I’m thrilled to hear about developing real community with my readers, from fabulous gals who got it way right, from the start. One of my favorite old school bloggers is on the panel—meeting Mindy in person was such a blessing. Real life hugs, finally! This is a live blog so you’re reading my unedited notes from the session. I promise to come back later to correct grammar & spelling errors.
Amy: It’s about writing authentically. “People like to know you’re a real person.” People stick around because they get to know you.
Stephanie: Figure out your niche, what your readers are interested in. It doesn’t always have to be *about* that specific niche, but it’s a good common thread to build community. Your readers can start forming their own relationships too.
Laurie: Blogroll on her sidebar – “Find other creative women”
The Golden Blog Rule:
Stephanie: Be generous, genuine and respectful. To get to know my readers, I read their blogs and leave comments. If it’s always getting comments and not giving back. Don’t leave generic comments; find something relevant to connect with.
Laurie: Be your true self on Twitter & Facebook.
Sharing Your Full Experience:
Mindy: “I write the same way I speak.” It lets people know they aren’t alone. Create triumph out of your trials—if you post about things that you wouldn’t necessarily talk about it person, it resonates with people.
Laurie: People want to be invested in you.
Mindy: Get to know your readers and continue conversations by email. It can develop real friendships.
Building a Blog Alliance:
Laurie: It can really unite all of your communities. “We don’t have to compete with each other because there’s enough to go around.” Collaborate with “competitors” on separate projects. Feature your top 10 referrers—they already love you, but give them a little link love back and say thank you.
Mindy: Email people who send you a lot of traffic.
Amy: When you are featured in anything—a newspaper, magazine, television show—create a landing page for new visitors who found you through them. Include your favorite links, posts you’re most proud of, info on how to subscribe. Top 10 list at the end of each month—top referrers, best posts, etc.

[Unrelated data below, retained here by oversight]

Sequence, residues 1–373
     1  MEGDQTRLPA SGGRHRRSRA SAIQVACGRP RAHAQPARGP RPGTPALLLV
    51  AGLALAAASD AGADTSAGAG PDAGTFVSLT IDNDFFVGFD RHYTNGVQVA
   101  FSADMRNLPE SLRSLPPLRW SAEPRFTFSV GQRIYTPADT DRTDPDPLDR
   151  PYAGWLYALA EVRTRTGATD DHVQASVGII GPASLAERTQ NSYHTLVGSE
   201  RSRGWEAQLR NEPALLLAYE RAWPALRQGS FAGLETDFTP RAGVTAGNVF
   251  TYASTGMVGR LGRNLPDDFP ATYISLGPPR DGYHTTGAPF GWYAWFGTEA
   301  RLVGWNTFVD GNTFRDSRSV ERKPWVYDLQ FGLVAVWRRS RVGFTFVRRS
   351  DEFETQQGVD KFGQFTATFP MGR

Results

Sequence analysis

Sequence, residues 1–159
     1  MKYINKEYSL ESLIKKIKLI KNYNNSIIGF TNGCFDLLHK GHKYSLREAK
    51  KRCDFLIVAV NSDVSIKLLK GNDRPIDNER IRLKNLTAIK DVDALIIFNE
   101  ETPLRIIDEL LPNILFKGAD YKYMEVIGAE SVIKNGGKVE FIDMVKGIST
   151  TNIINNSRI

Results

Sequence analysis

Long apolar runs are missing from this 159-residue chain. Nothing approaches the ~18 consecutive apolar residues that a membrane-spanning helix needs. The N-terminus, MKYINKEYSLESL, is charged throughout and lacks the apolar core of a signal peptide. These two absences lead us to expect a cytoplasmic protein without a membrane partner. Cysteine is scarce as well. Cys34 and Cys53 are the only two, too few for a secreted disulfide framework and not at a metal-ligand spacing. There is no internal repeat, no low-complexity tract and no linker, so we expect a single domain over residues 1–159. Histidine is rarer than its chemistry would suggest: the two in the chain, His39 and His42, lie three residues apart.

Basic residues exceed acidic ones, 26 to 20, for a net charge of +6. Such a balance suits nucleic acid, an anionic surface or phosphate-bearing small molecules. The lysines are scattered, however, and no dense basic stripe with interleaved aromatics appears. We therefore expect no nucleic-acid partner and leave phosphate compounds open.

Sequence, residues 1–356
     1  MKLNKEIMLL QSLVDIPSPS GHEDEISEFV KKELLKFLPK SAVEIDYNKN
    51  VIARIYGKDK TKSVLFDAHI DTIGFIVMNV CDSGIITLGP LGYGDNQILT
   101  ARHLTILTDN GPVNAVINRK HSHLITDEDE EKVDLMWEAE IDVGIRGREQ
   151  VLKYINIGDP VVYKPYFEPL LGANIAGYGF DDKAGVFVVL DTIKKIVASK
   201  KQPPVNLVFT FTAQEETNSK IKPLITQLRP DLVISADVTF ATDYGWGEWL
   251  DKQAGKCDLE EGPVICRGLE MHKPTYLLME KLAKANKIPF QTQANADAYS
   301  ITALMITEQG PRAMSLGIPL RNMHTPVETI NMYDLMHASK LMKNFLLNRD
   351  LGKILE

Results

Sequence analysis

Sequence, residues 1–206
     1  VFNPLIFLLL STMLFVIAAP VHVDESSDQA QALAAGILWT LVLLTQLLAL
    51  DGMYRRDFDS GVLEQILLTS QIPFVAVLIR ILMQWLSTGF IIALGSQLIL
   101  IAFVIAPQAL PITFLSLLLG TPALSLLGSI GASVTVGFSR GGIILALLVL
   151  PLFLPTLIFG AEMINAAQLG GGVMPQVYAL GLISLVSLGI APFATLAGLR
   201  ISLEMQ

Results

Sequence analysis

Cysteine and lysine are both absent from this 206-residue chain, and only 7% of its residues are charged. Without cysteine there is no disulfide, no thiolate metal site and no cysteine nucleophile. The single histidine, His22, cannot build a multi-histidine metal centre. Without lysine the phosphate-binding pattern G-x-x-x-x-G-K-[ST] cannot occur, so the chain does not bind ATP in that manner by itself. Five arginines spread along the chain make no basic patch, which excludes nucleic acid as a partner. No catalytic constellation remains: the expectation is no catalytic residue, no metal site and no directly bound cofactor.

Laurie: Google already likes your top 10 posts. Featuring your top posts also helps your readers connect.
Mindy: Has started featuring “On this day in…” posts on her sidebar.
Handout available on Blissdom Conference website
Laurie: Have a Facebook fan page for your blog
Amy: Join every single community that is relevant to you, not necessarily your blog.
Laurie recommends Link Within but I find it to be very, very tough on your database. I use YARPP—Yet Another Related Post Plugin instead.
Amy: The Notebook—features cool things from people in her niche each week.
Stephanie: Do something you enjoy, create linkups. Be original, but establish yourself first. You can’t create an awesome linkup and expect people to participate if you don’t have readers.
Laurie: Email is a great way to establish relationships.
How Your Community Affects the “Business of Blogging”
Stephanie: Your readers know you and pay attention when your ads & revenue are conflicting. Cloth diapers her kids so it wouldn’t make sense to display disposable diapers ads or take a trip sponsored by a large diaper company.
Mindy: Keep your integrity when you write product reviews.
Amy: Really read the pitches you get very carefully.
Mindy: Doesn’t use everything she receives and will only talk about items that she personally uses in her life.